Are DNA tests rubbish?
Over the past 20 years, the number of genealogists who use DNA tests as one of their tools for research has increased substantially. For this test, the more people in the world who participate, the better the results become for everyone. Results are not perfect and there is much to learn about how DNA can better help individual researchers and increase our understanding of ethnic origin.
The increase in DNA testing stems from genealogists sharing their results and the hype of commercials that claim people can find their ancestors over the weekend or with one simple test. The weekend genealogist warrior conquering their family tree in 48 hours is far from accurate.
DNA tests for genealogy research is severally limited by the low number of human DNA samples on file. To be exceptionally accurate, we’d need DNA samples from all ethnic groups across the globe spanning the last 400 years, before people began to mass migrate.
DNA links us to our ancestors like no other body feature because we get an equal amount of chromosomes, which makes up our DNA, from each of our parents. In theory, our DNA provides a road map to our ancestors but in reality, there’s not enough known about it or enough samples throughout the world to create the map.
There’s been research completed that suggests we carry memories in our DNA, and that we are conditioned by those memories. Fear is one of our strongest emotions, and it is believed if our ancestors feared something — for example predatory animals — we may also have that fear.
In my mind, it is similar to instincts. Mothers instinctively know to care for their child, and fathers instinctively know to protect their families. Perhaps these instincts were passed through the generations through DNA.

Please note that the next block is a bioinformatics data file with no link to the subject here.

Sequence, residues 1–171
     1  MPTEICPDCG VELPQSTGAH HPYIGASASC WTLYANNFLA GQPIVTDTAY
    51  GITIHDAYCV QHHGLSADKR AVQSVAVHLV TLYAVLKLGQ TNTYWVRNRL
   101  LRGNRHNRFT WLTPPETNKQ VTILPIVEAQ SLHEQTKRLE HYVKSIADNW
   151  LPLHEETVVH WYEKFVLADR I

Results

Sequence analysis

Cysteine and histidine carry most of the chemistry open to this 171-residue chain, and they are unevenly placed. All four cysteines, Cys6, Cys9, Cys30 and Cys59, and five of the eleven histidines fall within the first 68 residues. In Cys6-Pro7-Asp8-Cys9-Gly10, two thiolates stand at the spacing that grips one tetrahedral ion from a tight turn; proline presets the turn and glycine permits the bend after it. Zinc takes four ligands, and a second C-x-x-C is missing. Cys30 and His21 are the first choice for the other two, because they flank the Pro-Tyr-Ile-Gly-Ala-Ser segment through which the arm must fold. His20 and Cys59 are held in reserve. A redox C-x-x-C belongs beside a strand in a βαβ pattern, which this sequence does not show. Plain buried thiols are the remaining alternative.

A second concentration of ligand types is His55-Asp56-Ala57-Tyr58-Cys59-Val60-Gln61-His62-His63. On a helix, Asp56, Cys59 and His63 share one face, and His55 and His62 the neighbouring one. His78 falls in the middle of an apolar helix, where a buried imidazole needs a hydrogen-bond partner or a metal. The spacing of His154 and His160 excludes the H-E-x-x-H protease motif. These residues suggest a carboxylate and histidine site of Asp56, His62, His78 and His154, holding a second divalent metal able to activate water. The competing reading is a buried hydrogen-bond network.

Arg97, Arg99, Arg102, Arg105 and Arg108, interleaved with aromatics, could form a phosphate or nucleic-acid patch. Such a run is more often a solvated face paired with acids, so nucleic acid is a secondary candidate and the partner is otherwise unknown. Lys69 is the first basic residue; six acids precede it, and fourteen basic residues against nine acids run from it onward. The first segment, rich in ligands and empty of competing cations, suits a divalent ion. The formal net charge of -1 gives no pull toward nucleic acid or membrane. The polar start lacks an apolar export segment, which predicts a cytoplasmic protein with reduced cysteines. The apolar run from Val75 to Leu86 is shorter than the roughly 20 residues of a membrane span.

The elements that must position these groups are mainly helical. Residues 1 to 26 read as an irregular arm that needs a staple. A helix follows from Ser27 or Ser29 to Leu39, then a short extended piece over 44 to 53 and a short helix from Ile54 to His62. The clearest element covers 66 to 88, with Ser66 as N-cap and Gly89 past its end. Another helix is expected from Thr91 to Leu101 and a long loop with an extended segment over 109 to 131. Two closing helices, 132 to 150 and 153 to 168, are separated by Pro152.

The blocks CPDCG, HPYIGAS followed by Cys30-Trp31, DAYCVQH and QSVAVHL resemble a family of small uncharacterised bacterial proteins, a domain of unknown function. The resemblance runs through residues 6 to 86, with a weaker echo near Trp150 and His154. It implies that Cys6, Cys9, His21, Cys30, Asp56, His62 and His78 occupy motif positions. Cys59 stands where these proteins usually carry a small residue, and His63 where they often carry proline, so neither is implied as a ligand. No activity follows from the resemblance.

There are three types of genetic ancestry testing used in genealogy.
The Y chromosome test tracks the Y chromosome that is only passed through the males of the family. Women don’t carry this chromosome, so only male members of the family can have this test done.
The mitochondrial DNA test provides data on the female lines of the family because the mother passes on her mitochondrial DNA. However, since both male and female receive it, sons and daughters can use this test to trace their mother’s line.
The third test is single nucleotide polymorphism.
It evaluates a large number of variations across a person’s entire genome, tracing the lines of both parents. You’ll often see researchers post these results, stating they are 25 per cent of this and 35 per cent of that ethnic group.
In a BBC Radio 4 in Four interview (http://www.bbc.co.uk/ programmes/p05z4m57) with genealogist Debbie Kennett, the interviewer asked if DNA results were rubbish?
Kennett explains DNA results are a tool, but they can’t replace actual research because DNA looks at the differences in populations one thousand years ago or more, not individual family lines. They can pinpoint a continent, but narrowing DNA to a particular country is tough.
With regard to receiving different results when having tests done by different companies, she said each company collects different population references, and they use different algorithms.
For example, if a company has completed 100,000 DNA tests and the majority of those who provided DNA were from Ireland, United Kingdom and Europe, then there are no DNA references from every other place on the planet.